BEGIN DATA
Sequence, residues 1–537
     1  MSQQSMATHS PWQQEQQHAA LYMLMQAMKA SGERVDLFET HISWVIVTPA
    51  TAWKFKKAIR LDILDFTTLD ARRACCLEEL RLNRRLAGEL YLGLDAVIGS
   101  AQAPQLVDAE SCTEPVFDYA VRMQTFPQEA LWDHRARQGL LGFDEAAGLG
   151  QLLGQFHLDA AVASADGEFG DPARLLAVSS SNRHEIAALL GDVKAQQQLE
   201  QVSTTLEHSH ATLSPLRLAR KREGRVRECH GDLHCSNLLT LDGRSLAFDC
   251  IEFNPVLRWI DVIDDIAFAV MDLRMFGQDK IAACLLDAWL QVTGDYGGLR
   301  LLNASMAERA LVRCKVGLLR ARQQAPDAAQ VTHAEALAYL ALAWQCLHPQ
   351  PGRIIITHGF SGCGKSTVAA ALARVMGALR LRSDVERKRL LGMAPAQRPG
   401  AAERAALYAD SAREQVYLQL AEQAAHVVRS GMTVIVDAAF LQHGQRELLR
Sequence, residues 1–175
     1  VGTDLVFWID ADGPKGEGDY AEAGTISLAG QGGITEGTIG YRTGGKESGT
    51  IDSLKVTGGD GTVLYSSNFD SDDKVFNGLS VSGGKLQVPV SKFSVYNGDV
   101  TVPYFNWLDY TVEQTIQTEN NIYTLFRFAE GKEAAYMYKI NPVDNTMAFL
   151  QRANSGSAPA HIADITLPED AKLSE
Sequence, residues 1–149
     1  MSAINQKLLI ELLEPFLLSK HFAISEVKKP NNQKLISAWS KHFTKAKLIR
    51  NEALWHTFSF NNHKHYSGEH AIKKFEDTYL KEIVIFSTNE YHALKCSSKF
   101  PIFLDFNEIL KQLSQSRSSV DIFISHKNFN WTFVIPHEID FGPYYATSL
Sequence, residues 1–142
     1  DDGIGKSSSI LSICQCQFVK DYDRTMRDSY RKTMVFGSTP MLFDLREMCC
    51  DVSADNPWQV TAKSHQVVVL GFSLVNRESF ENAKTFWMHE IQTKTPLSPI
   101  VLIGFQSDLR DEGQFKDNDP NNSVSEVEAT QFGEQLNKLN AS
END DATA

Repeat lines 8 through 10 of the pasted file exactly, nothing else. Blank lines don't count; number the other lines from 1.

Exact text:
   301  LLNASMAERA LVRCKVGLLR ARQQAPDAAQ VTHAEALAYL ALAWQCLHPQ
   351  PGRIIITHGF SGCGKSTVAA ALARVMGALR LRSDVERKRL LGMAPAQRPG
   401  AAERAALYAD SAREQVYLQL AEQAAHVVRS GMTVIVDAAF LQHGQRELLR